The wildcard also works on column 2 as well. So we can use this to use the return period as specified in the batch file to read the relevant column from a csv file exported directly from ReFH2. For example, in the file directly exported from ReFH2, the 1 year net rainfall column is called "Total net rain mm (1 year) - as 100% rural model”. We can set column 2 to look for the "Total net rain mm (ARI) – as 100% rural model" bc_dbase setup to read the relevant net rainfall column for the return period of interest based on the ARI wildcard.
Note: The exported csv file has time in HH:MM:SS. This would need to converting into hours. Also the exported rainfall profiles do not have the first value set to 0mm. TUFLOW requires that the first value in the rainfall hyetograph is set to 0mm. This is not neccesary for flow data
Once the bc_base has been set up then a .tef file can be generated which populates the ARI variable above with the relevant ARI for the specific question. The TEF file also creates anew new output folder for each return period.
The .TCF file can be named accordingly for example, Dummy_M01_~e1~_001.tcf, and the batch file commands used to set the ~e1~ value.
Start "Tuflow" /wait ".. \2018-03\TUFLOW_iSP_w64.exe" -e1 1yr "Dummy_m01_~e1~_001.tcf" Start "Tuflow" /wait "..\2018-03\TUFLOW_iSP_w64.exe" -e1 2yr "Dummy_m01_~e1~_001.tcf" Start "Tuflow" /wait "..s\2018-03\TUFLOW_iSP_w64.exe" -e1 5yr "Dummy_m01_~e1~_001.tcf"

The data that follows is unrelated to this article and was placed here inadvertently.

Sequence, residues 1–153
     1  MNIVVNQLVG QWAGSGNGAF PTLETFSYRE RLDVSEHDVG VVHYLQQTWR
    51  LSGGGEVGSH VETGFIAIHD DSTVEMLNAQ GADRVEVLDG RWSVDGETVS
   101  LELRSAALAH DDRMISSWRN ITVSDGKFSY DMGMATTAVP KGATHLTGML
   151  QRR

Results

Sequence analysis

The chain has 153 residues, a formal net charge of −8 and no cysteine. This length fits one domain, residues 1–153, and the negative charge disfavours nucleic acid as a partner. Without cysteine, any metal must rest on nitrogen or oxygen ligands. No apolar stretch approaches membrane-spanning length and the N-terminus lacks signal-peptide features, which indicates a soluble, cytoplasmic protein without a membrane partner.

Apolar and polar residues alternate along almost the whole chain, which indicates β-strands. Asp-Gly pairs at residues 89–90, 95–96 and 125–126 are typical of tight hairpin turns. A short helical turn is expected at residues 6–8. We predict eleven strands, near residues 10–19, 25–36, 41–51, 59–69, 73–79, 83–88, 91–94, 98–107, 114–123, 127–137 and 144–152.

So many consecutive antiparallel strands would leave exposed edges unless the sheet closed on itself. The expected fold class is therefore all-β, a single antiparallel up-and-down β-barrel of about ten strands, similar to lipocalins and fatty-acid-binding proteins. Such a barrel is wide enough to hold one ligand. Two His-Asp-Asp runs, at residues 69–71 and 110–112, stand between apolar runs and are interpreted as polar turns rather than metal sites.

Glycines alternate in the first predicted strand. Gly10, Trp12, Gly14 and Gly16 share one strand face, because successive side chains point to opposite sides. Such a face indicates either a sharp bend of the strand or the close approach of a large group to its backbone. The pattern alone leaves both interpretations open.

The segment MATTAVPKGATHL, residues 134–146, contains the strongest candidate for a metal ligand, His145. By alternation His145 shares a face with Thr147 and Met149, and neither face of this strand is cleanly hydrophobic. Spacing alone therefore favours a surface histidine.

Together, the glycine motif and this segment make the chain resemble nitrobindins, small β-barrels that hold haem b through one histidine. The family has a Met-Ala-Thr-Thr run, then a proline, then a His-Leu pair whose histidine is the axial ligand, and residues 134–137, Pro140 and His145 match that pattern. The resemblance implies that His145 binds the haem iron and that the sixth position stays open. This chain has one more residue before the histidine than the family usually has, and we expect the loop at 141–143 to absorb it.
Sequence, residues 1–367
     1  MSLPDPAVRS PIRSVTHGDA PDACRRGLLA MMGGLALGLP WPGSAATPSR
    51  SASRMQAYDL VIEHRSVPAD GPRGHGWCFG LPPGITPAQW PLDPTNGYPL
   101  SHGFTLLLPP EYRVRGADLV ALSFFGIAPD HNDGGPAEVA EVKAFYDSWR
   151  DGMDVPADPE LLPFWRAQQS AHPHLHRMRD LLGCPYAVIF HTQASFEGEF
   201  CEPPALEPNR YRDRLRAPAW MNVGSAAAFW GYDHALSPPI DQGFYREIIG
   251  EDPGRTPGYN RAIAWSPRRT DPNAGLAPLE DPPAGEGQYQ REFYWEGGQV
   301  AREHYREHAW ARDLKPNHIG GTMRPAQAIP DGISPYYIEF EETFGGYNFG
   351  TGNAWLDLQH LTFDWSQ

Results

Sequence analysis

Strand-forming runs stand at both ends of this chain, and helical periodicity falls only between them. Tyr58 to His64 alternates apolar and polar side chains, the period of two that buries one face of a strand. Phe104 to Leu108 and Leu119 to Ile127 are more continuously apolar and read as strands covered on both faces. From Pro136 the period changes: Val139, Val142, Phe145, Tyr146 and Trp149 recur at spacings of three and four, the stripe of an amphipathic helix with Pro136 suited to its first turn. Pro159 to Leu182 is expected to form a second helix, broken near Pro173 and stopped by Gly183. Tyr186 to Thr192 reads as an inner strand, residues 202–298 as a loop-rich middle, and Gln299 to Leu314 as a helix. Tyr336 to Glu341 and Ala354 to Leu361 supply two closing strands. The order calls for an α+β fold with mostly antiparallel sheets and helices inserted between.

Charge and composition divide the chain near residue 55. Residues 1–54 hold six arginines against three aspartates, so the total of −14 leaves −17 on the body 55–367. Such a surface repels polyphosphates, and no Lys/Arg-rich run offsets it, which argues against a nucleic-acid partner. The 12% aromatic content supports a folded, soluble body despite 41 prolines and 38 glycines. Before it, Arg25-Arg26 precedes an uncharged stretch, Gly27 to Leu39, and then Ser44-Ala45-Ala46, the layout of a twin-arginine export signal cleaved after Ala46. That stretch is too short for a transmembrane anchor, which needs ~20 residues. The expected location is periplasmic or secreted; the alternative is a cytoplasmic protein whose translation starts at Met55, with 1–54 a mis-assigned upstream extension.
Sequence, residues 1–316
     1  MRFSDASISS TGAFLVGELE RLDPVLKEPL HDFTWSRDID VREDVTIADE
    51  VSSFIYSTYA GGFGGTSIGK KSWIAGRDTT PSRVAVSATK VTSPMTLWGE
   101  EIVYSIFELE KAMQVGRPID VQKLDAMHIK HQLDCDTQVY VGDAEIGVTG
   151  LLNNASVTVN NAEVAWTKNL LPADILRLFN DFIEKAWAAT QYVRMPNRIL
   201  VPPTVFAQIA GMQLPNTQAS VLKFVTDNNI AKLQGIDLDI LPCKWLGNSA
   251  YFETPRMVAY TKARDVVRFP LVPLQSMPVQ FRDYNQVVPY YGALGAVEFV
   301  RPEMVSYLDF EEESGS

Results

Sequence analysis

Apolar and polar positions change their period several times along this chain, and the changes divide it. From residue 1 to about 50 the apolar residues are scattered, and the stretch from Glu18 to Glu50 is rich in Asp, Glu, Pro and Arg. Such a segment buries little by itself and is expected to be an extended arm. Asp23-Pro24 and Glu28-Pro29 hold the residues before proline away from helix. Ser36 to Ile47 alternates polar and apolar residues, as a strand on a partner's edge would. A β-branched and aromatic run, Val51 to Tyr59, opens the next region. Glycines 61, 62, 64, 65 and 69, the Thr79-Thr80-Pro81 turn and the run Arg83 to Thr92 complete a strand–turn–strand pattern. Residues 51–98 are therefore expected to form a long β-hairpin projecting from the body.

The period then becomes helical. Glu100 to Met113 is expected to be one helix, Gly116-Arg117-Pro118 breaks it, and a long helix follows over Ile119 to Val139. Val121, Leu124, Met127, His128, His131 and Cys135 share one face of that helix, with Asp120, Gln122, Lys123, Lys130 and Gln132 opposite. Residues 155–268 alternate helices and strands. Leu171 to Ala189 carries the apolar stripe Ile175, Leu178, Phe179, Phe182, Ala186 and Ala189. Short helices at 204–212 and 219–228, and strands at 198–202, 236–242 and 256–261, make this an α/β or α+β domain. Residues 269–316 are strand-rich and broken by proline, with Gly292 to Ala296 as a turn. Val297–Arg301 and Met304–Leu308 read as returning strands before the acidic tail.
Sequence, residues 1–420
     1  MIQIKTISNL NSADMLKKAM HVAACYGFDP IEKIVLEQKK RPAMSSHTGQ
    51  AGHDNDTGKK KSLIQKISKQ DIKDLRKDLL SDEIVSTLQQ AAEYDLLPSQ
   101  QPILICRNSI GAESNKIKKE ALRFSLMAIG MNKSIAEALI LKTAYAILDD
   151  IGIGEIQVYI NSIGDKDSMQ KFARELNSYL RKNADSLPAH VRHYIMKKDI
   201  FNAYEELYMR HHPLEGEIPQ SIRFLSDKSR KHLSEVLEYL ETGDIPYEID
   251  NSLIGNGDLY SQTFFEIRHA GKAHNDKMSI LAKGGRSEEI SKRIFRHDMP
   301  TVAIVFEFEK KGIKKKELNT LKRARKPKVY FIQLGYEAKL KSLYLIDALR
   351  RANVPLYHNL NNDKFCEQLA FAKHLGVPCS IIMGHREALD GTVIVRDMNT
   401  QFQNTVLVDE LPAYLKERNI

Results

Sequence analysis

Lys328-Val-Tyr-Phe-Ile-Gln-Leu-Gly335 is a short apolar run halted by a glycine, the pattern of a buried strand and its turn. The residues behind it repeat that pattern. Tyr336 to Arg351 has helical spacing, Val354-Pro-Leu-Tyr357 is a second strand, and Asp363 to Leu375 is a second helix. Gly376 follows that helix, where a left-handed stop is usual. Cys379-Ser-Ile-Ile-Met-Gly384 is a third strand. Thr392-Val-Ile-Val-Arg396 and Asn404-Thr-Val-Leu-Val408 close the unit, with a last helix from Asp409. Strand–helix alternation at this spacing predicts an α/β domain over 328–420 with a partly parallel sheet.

This will then run the 3 return periods (1yr, 2yr and 5 year) using the correct wildcard as specified in the TEF file and using the relevant boundary data.
This post provides instructions of how to obtain direct rainfall and inflow inputs from the ReFH2 software for use within a TUFLOW model. This requires the input of data from the FEH Web Service and the selection of the appropriate return period/duration combinations of which the user is interested. This outputs the time-varying rainfall and total runoff (as well as runoff contributions) which can be exported for use within TUFLOW. It is also possible to use TUFLOW event files to increase efficiency when creating models for multiple return period/duration combinations. A ReFH2 to TUFLOW tool is available for the QGIS TUFLOW Viewer plugin, more details can be found on the QGIS ReFH2 to TUFLOW page.
1 T.R. Kjeldsen, E.J. Stewart, J.C. Packman, S.S. Folwell & A.C. Bayliss, 2005. Revitalisation of the FSR/FEH rainfall-runoff method. Defra R&D Technical Report FD1913/TR
2 Houghton-Carr, H., 1999. Restatement and application of the Flood Studies Report rainfall-runoff method, Flood Estimation Handbook Volume 4.